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Concussion awareness spurs dip in participation

The health of athletes might not be the only thing threatened by concussions. The sport of football might be in danger, too, if the drop in youth participation locally is any indication.

Ask Todd Hobbs, Amboy's junior tackle president, who clearly is anxious to be talking about numbers in his program.

Some of his fellow coaches had expressed doubts that talking to a reporter would help.

"The guys in the program said, 'You know why you're going there, right?'" Hobbs says with a nervous laugh. "We're a small program. We can't afford to lose numbers."

Hobbs says his eighth-grade team will be a big one, both in literal stature and in numbers. Eighteen eighth-graders are registered. Twenty-one seventh-graders and 17 sixth-graders are also relatively par for the course, but having just nine fifth-graders signed up is a cause for concern.

Just north of Amboy, Ashton's 30-year-old junior tackle program likely will have about 50 players, about 10 fewer than last season.

"I can think of at least two situations ... that [concussions are] why they're not letting them play football," said Jim Lahman, who has overseen the AFC program for 19 years.

Most of the area's programs have seen a dip in numbers. Some haven't completed registration.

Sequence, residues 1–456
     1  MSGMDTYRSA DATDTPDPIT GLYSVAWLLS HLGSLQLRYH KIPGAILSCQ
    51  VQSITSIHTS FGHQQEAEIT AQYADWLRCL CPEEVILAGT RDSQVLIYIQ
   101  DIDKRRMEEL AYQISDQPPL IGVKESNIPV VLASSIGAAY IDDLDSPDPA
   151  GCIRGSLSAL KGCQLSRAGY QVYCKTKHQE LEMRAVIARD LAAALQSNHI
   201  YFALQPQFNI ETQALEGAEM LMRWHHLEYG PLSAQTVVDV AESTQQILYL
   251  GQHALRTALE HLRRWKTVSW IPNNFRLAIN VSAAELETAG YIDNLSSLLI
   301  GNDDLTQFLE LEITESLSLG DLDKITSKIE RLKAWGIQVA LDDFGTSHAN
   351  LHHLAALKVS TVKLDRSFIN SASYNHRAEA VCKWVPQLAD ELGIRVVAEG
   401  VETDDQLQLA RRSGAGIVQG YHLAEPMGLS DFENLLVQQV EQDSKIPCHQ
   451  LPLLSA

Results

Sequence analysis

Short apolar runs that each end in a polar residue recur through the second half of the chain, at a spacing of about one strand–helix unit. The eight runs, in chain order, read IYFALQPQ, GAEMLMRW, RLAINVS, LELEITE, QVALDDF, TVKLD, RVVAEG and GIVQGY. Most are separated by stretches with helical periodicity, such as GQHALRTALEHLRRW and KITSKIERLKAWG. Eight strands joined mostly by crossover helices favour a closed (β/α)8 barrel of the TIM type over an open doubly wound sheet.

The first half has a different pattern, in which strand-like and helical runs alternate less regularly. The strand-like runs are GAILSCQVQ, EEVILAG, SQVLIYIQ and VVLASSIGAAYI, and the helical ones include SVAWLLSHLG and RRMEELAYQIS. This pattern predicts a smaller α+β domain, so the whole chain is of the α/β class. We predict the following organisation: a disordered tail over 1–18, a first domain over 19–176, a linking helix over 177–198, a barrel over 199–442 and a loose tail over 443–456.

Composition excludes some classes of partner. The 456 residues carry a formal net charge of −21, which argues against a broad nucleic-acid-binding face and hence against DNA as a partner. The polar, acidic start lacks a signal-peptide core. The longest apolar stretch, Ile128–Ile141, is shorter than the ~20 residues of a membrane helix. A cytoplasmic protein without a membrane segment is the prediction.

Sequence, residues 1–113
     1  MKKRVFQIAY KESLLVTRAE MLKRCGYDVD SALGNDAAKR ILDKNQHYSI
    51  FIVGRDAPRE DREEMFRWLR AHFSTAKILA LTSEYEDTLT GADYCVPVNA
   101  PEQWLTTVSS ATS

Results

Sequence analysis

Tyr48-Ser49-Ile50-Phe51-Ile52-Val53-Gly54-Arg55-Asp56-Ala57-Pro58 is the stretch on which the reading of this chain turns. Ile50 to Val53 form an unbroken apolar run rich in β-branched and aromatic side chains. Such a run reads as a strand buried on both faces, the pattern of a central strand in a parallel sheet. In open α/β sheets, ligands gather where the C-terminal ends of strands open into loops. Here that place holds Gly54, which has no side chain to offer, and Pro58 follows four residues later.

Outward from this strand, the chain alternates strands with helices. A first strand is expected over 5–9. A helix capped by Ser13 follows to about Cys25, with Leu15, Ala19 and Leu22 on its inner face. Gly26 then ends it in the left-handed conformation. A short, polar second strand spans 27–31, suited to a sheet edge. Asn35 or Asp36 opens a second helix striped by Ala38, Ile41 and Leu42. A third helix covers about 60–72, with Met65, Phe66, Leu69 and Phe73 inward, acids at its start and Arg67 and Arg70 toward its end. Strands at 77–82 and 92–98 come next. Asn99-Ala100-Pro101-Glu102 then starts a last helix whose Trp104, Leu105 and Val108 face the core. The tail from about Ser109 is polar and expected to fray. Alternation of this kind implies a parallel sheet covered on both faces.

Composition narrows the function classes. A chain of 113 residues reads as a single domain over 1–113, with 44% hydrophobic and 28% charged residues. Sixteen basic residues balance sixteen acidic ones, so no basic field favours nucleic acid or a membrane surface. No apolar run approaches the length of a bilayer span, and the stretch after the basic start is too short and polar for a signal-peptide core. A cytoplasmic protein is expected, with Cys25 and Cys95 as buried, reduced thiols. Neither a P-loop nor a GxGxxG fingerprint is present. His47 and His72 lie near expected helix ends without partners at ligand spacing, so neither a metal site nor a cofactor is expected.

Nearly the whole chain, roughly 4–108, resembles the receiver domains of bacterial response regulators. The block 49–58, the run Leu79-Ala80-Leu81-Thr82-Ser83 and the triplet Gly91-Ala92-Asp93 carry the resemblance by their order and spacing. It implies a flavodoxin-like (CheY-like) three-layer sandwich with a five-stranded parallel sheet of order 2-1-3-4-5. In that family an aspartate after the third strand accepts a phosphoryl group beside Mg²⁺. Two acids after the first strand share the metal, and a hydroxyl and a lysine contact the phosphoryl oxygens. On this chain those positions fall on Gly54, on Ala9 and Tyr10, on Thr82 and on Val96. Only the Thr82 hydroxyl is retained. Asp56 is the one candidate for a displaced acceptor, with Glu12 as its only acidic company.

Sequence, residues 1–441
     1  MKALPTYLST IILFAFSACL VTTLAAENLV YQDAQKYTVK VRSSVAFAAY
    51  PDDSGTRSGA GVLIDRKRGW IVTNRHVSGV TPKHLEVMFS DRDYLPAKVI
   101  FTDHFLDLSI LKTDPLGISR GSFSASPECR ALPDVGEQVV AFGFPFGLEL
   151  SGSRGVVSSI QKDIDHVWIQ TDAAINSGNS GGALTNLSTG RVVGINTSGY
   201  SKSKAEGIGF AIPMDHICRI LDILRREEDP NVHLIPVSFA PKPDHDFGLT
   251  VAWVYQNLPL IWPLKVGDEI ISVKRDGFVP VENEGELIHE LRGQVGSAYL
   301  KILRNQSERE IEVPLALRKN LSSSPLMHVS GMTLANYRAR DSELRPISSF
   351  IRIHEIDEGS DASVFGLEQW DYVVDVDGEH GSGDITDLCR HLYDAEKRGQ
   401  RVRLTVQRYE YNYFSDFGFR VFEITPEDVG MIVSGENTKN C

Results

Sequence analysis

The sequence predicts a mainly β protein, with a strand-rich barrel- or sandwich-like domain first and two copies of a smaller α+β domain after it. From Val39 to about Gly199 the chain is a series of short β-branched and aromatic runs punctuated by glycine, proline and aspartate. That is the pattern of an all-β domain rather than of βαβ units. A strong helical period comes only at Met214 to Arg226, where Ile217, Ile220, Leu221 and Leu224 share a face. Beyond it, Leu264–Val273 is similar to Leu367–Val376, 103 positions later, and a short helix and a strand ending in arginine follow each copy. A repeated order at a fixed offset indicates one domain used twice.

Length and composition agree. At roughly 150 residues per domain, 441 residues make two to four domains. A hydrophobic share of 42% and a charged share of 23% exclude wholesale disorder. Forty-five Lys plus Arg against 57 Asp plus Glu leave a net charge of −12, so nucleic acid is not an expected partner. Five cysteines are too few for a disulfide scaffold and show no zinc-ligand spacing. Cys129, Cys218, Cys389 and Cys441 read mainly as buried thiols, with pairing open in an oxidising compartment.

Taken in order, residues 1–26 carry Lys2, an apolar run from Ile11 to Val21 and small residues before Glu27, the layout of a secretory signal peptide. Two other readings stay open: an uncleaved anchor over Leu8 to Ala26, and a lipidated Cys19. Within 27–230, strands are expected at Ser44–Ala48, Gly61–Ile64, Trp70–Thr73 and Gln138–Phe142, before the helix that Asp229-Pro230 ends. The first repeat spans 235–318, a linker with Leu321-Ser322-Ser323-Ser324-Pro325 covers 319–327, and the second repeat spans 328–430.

In some cases, declining numbers are a direct correlation to declines in school districts' enrollments. For instance, Challand Middle School in Sterling just graduated one of its biggest eighth-grade classes in recent memory. Enter one of the smallest incoming fifth-grade classes Sterling has seen in some time, and having another 162 athletes in the junior tackle program is unrealistic.

"If I can get 150 kids, I'd be very happy," the program's second-year president, Mitch Jacoby, said.

Most of the area's junior tackle teams run a watered-down version of their varsity counterpart's playbook. That promotes continuity and prevents athletes from being overwhelmed while they should be focusing on mastering fundamental techniques.

"Execution is the name of the game on this level, ... and repetition," Newman junior tackle president Jube Manzano said. "You can have 100 plays, but if you can't run one of them well, you've got nothing. I'd rather have five or 10 plays and run them well."

"Unfortunately, concussions are always going to be there," Hobbs said. "Preventing them starts with how you're coached. It's basics – not leading with your head, using proper blocking technique."

More online

To read more from our special series on sports concussion, please check out The Hidden Injury project page on Click here to visit.

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